On Thursday night I had the honor of moderating the Boston Jewish Film Festival's annual "Works in Progress" event -- an evening that gives supporters of the festival a chance to see portions of an unfinished film and talk with the filmmakers about the creative process. The film this year, "Leap of Faith,'' is a documentary centering on an unusual subject -- Christians who convert to Orthodox Judaism. The filmmakers, Stephen Friedman and Tony Benjamin, are both Orthodox Jews, and career admen, who are married to converts, and they spent the last four years interviewing several dozen would-be-converts before deciding to focus their film on the journeys of four individuals who are considering Orthodox Judaism.
Although for many of us, the most familiar conversion stories are associated with marriage, Friedman and Benjamin chose to focus on people whose interest in Judaism was driven by some kind of spiritual quest that was largely independent of a romantic relationship. Some of the folks they talked with were moving from evangelical Protestantism to Orthodox Judaism -- an unusual journey, to be sure. During the Q&A, the filmmakers largely rejected the psychological explanations for conversion -- the suggestion that people who choose orthodox faiths are seeking to fill some kind of need for structure or rules in their life -- and instead said they came away believing that the would-be converts were animated by a sincere search for some kind of truth. As a religion reporter, I found the subject fascinating -- although faith-changing is the story of American religion these days, I'm always intrigued by people who choose to take on high-demand faiths, like evangelicalism or Islam or Mormonism, and conversion to Orthodox Judaism by non-Jews is not a phenomenon I've encountered at all previously.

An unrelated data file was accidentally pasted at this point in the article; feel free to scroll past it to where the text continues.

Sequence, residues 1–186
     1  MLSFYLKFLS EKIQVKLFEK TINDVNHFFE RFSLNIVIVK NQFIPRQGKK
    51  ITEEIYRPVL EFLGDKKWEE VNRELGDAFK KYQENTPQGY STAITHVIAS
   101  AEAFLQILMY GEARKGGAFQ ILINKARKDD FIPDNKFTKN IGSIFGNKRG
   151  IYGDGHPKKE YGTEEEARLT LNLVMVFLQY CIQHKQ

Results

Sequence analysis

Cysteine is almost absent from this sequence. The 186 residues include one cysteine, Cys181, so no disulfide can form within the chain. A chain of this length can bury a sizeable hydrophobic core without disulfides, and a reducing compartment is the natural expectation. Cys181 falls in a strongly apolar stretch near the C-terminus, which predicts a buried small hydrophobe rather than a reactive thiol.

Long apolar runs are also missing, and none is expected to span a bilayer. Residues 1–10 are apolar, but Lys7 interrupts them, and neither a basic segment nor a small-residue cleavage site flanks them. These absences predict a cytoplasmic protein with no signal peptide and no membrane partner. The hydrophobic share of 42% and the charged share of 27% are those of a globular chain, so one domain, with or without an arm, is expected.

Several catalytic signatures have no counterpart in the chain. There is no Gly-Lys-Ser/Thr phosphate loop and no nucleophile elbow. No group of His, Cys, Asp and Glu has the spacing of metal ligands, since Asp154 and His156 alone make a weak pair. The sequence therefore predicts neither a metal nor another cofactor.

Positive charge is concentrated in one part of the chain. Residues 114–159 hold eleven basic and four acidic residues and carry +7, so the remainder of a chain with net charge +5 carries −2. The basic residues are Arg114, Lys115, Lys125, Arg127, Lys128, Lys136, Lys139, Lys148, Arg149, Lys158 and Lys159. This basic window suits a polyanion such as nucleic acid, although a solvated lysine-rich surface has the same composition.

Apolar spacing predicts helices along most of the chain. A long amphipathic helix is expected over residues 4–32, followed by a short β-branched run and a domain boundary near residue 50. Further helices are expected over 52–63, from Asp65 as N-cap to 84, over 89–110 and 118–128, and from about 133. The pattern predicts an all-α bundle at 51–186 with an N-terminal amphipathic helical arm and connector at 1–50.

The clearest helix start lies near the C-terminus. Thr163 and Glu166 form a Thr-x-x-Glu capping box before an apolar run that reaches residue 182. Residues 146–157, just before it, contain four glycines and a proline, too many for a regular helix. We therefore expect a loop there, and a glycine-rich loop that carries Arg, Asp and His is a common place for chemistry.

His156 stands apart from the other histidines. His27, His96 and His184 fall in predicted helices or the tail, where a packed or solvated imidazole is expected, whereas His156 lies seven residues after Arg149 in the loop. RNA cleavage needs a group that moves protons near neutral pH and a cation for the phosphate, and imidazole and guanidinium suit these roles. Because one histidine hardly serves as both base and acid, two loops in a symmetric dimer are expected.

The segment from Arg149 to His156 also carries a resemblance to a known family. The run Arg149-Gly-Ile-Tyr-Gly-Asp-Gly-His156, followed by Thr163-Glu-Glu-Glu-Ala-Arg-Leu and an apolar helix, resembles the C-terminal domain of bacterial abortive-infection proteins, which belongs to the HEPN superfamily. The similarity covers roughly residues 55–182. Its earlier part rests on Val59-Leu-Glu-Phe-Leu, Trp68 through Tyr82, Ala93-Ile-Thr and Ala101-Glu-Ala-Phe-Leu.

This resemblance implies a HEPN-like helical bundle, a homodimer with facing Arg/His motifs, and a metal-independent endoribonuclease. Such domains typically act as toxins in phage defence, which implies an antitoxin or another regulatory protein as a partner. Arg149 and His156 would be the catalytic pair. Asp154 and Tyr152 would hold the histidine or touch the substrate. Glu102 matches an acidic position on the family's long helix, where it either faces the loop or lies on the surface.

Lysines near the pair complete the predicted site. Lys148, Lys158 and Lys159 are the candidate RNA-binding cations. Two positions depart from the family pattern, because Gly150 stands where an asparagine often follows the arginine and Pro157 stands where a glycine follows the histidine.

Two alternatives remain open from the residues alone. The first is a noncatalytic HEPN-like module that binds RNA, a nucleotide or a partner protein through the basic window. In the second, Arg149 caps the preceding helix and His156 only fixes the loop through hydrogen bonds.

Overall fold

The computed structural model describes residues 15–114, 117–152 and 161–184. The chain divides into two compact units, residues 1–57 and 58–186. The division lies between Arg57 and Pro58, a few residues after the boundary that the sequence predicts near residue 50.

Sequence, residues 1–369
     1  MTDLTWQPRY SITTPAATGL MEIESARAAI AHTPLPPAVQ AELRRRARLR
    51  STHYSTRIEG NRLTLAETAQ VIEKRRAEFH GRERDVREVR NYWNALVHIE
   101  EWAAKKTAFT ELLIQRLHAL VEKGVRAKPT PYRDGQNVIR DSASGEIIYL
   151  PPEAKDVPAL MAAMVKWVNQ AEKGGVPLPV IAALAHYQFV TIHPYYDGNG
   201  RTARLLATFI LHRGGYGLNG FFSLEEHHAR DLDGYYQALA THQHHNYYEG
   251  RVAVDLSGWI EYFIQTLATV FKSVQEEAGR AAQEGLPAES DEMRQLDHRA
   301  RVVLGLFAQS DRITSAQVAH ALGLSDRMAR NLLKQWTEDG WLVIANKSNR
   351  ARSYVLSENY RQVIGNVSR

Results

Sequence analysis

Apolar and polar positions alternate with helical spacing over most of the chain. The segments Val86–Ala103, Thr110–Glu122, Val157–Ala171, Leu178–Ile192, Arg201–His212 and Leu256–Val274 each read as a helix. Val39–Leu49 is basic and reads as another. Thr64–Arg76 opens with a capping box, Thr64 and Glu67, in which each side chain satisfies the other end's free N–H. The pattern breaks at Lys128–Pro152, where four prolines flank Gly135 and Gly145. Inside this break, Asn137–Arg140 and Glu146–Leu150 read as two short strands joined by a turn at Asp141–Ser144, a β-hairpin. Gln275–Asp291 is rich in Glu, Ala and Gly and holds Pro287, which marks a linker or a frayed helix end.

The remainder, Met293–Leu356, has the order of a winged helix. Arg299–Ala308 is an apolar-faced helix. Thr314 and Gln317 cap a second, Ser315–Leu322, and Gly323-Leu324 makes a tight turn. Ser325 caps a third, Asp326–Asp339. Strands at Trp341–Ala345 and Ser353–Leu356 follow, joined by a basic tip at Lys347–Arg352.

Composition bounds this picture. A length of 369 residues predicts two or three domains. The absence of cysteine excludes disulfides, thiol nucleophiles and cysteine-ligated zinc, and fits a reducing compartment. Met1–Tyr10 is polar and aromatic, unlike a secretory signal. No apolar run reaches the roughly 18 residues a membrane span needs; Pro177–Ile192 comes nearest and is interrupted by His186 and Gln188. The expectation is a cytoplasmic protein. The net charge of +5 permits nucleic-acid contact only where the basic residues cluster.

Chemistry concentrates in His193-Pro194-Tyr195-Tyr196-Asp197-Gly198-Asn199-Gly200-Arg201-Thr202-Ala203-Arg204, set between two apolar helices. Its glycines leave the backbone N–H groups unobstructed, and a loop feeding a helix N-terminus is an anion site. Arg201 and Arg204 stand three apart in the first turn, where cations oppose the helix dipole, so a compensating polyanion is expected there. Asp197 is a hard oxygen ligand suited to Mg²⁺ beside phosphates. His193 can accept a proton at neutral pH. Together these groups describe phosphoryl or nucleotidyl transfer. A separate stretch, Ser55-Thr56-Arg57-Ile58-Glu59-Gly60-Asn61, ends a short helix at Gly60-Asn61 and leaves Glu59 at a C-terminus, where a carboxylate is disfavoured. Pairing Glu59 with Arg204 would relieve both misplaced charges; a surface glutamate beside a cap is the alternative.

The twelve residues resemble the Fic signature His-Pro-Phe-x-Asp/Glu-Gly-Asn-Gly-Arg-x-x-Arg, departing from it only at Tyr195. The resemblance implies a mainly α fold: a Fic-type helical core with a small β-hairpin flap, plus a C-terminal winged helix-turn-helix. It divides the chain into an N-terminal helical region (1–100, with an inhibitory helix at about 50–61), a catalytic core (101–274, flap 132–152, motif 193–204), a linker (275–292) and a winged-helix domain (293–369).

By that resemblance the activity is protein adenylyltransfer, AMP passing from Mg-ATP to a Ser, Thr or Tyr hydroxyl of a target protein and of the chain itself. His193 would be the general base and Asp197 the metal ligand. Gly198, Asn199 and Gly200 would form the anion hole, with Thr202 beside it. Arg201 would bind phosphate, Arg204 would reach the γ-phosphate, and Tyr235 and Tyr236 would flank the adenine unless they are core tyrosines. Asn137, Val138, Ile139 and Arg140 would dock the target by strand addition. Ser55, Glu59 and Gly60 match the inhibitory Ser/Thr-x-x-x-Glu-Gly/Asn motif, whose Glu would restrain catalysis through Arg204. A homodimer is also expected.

The 90-minute film is supposed to be completed soon, and then will likely make the round of festivals as the filmmakers seek to find a way to broadcast it more widely. Stay tuned.
(Photos courtesy of Humble Films.)